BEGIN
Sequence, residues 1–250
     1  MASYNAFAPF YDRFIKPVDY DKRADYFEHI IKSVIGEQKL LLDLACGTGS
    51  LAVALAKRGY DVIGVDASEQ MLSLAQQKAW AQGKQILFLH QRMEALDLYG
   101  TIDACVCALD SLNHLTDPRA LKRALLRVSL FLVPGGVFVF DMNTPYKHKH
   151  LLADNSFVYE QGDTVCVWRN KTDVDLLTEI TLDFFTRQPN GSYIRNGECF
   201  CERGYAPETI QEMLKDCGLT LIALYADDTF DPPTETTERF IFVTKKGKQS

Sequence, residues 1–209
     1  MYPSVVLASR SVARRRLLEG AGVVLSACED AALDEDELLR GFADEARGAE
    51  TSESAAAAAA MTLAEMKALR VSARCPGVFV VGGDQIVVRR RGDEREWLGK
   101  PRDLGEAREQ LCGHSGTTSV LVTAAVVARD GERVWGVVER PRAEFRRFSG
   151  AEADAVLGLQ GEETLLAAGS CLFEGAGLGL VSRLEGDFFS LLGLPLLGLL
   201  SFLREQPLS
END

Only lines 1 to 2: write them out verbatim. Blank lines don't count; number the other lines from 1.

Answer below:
Sequence, residues 1–250
     1  MASYNAFAPF YDRFIKPVDY DKRADYFEHI IKSVIGEQKL LLDLACGTGS